Dem Lawmaker: Ethics Investigation Into John Conyers Allegations Is 'Not Accountability'

"Enough is enough," said Rep. Kathleen Rice (D-N.Y.). "Why are the rules for politicians in Washington different than they are for everyone else?"

Rep. Kathleen Rice (D-N.Y.) is standing by her call for Rep. John Conyers (D-Mich.) to resign amid sexual harassment allegations, arguing that a congressional investigation into the matter is too little, too late.

Rice, a former prosecutor, became the first Democratic lawmaker to call on Conyers to resign after BuzzFeed reported Monday that several female former staffers have accused him of sexual harassment. The report revealed that Conyers settled a wrongful dismissal lawsuit in 2015 with one of the women, who claimed he fired her after she rejected his sexual advances. Conyers has denied the allegations.

The House Ethics Committee announced Tuesday that it was investigating the matter. But this has done little to appease some people, including Rice, who argued that such an investigation could take years and wouldn’t impose “real” accountability.

“Enough is enough,” Rice said during an appearance Friday on CNN. “At this point, what I am voicing publicly is what every single private citizen is saying across America: Why are the rules for politicians in Washington different than they are for everyone else?”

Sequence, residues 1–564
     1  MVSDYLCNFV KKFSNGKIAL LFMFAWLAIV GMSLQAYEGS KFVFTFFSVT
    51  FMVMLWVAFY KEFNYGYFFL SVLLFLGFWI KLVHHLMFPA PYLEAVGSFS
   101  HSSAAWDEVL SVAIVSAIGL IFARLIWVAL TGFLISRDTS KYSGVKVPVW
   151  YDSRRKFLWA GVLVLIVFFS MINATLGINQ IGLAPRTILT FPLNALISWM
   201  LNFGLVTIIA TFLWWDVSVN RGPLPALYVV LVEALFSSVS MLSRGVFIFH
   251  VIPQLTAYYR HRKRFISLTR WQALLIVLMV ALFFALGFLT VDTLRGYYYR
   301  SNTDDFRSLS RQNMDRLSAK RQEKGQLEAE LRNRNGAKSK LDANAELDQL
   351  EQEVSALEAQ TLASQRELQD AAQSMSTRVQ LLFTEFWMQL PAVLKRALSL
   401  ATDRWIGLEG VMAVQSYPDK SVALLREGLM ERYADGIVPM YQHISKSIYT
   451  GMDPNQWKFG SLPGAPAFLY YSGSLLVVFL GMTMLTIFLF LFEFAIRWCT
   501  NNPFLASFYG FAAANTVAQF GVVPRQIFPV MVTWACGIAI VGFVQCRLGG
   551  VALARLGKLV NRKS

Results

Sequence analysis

Rice was apparently referring to the stark contrast between what has happened recently to people in the entertainment industry accused of sexual misconduct, versus what has happened to politicians facing similar claims. The outpouring of allegations against entertainment and media personalities has in many cases resulted in swift action against the accused, including job terminations, rescinded awards and other serious penalties. But politicians accused of similar behavior have remained mostly unscathed.

While she hasn’t called for the resignation of Sen. Al Franken (D-Minn.), who has been the subject of several groping allegations recently, Rice suggested Friday that Conyers should be held to the same standard as Harvey Weinstein and others accused in the recent wave of sexual harassment allegations.

“We’re not talking about a court of law here,” Rice said. “We are talking about the court of public opinion. We’re talking about holding men accountable for their actions.”